UI Medical School's alumni seek safety, security guarantee in Papua

UI Medical School's alumni seek safety, security guarantee in Papua

Dr Fajri Nurjamil serves native Papuans in Asmat District, Papua Province. (FOTO ANTARA/HO-Dokumen Humas Pemkab Asmat/Eman)

Jakarta (ANTARA) - The University of Indonesia (UI) Medical School’s several alumni, currently doctors in Papua, urged the central and regional governments to ensure the paramedics’ safety and security to be able to optimally serve those in need.

To this end, representatives of the Association of the UI Medical School's graduates had brought to the notice of the Health Ministry’s authority their doctors' demand for security and safety, Dean of the UI Medical School Professor Ari Fahrial Syam noted.

The UI Medical School alumni, currently working in Papua, vowed to continue to serve the people in Indonesia's easternmost province in spite of Wamena's recent deadly riot that had killed 33 innocent civilians, including a senior medical doctor, he stated in Jakarta on Thursday.

Speaking in connection with the current situation in Papua, Director of the West Papua Public Hospital Dr Andreas Pekey Sp. PD remarked that the situation, by and large, is not as tense as several parties might have been concerned, so doctors assigned in the province need not be fearful.

Pekey also strove to convince his colleagues by affirming that native Papuans respected paramedics and teachers coming from outside Papua to work for them.

Subhan Rumoning, an internist graduating from the UI Medical School, also made attempts to convince his colleagues that the indigenous Papuans have high respect for the paramedics, and their position was also perceived as being at par with that of district heads.

"The Papuan community members also safeguard the houses of paramedics, who have helped and treated them," Rumoning, originally hailing from Fakfak District in West Papua Province, stated.

The Papua provincial administration has vowed to ensure the safety and security of working paramedics throughout the province after a senior medical doctor was killed following the riot and exodus of working paramedics in Wamena.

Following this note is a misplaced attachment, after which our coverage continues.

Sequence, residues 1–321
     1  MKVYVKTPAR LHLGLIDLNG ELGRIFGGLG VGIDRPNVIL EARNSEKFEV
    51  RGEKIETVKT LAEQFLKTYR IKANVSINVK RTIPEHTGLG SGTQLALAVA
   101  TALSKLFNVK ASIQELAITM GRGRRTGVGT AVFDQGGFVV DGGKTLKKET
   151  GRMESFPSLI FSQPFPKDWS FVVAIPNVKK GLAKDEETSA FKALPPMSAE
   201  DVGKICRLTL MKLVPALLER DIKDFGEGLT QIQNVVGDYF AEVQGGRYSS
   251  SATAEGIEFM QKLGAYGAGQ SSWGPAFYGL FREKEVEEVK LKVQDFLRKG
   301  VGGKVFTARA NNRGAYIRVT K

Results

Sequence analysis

Secretary of the Papua Provincial Administration Hery Dosinaen noted that the provincial government had coordinated with the commander of XVII Cenderawasih Regional Military Command and Papua police chief.

The Indonesian Doctors Association (IDI) had earlier appealed to security agencies and other related stakeholders as well as community members to guarantee the safety and security of the working paramedics across Papua.

Their safety and security are of importance to enable them to work optimally, Chairman of IDI-Papua Chapter, Dr. Donald Aronggear, told Antara in Jayapura September 26.

Aronggear noted that all paramedics in Papua were grieving over the death of 53-year-old doctor Soeko Marsetiyo during Wamena's deadly rioting that broke out early this week.

Following Marsetiyo's death, several doctors at the Wamena public hospital had requested leave from the hospital, which was comprehensible, as they too are humans and seek a sense of security, he stated.

Wamena's deadly rioting broke out during a rally that native Papuan students had staged on September 23.

A total of 33 people, including a medical doctor, were killed, while at least 77 others were injured owing to the riot that had also compelled several thousand residents, mostly non-native Papuans, to take refuge.

The masterminds behind this deadly riot are allegedly members of the West Papua National Committee (KNPB), according to National Police spokesman, Brig. Gen. Dedi Prasetyo.

The dead and wounded constituted non-native Papuans, who had been assaulted by rioters brandishing machetes and arrows. Related news: Paramedics working in Papua need security guarantee: IDI
Related news: Refugees in Wamena told to return home

 

EDITED BY INE

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